By Amy Willis
One of the things we most enjoy about this ever-growing Econlib community of learners is our shared love of reading and conversation. We’re grateful to the many of you who have been joining us online these last several months for our #EconlibReads discussions.
Earlier today, we published a PDF of the questions from last month’s discussion on Josef Pieper’s Leisure: The Basis of Culture, a suggestion we took from EconTalk fav Ryan Holiday. Here’s a sample of some:
On page 31, Pieper writes, “no one who looks to leisure simply to restore his
working powers will ever discover the fruit of leisure.” What does this mean?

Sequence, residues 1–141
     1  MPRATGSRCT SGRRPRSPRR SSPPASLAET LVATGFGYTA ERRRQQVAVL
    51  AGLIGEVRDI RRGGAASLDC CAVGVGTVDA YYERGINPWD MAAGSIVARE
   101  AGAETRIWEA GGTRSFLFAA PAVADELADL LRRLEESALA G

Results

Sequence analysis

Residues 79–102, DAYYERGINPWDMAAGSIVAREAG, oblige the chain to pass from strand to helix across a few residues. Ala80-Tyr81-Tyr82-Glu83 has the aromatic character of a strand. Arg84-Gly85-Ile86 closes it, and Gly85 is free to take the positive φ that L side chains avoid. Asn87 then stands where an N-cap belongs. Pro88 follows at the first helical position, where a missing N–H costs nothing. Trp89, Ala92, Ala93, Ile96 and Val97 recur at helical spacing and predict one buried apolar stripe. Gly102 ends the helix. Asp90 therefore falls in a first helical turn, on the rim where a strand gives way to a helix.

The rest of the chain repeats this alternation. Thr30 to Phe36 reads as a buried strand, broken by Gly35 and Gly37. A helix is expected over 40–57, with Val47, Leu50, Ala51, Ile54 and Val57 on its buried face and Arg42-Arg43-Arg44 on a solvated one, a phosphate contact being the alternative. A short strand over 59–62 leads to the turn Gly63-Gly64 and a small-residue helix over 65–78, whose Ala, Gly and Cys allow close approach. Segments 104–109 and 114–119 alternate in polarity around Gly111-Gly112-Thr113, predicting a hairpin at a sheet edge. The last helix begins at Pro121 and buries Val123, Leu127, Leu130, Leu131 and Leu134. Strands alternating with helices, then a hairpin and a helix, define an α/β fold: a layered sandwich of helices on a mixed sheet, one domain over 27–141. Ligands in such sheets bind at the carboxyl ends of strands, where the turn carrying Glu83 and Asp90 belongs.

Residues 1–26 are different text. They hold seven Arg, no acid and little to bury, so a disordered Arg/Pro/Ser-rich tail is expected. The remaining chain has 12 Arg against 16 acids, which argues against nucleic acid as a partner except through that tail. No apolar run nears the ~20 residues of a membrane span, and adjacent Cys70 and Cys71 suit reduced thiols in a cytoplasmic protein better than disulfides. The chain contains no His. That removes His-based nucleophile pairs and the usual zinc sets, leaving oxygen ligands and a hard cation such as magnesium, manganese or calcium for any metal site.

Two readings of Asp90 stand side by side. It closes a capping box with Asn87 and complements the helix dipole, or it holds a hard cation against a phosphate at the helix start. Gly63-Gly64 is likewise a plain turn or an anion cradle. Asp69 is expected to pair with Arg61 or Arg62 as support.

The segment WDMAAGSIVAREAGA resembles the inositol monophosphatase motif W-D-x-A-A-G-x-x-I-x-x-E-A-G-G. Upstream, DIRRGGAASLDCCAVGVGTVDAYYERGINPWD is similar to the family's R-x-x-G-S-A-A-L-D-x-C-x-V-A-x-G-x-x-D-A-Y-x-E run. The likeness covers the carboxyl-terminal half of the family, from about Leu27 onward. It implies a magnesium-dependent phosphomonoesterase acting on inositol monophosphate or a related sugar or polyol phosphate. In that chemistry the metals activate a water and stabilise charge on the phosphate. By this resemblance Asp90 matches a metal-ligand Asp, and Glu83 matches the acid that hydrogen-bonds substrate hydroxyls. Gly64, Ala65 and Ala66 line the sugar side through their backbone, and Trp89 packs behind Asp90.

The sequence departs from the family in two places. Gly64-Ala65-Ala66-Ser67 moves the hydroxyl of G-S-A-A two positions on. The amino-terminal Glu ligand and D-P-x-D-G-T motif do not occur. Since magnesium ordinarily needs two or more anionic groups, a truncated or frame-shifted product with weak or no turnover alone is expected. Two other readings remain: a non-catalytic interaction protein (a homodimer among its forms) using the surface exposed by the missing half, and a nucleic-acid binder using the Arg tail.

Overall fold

Have you ever achieved a state of leisure? How did you do it?
Are philosophy and the ‘self-sufficient world of work” really as incommensurate as
Pieper argues (p. 74) Put another way, can a businessman never engage in
.How is philosophy an ‘attitude of mind’ (p. 78)? By this definition, what other
discipline(s) can make the same claim? To what extent can economics make it?
What is the “bourgeois mind” to Pieper (p. 102), and what’s wrong with it? Must
the poet and the philosopher (among others perhaps) be UNbourgeois?
This month, we’re reading David Epstein’s Range: Why Generalists Triumph in a Specialized World. This was also one of the most popular EconTalk episodes this year. We hope you’ll join our conversation in our Facebook group and/or on twitter. We love to hear from you!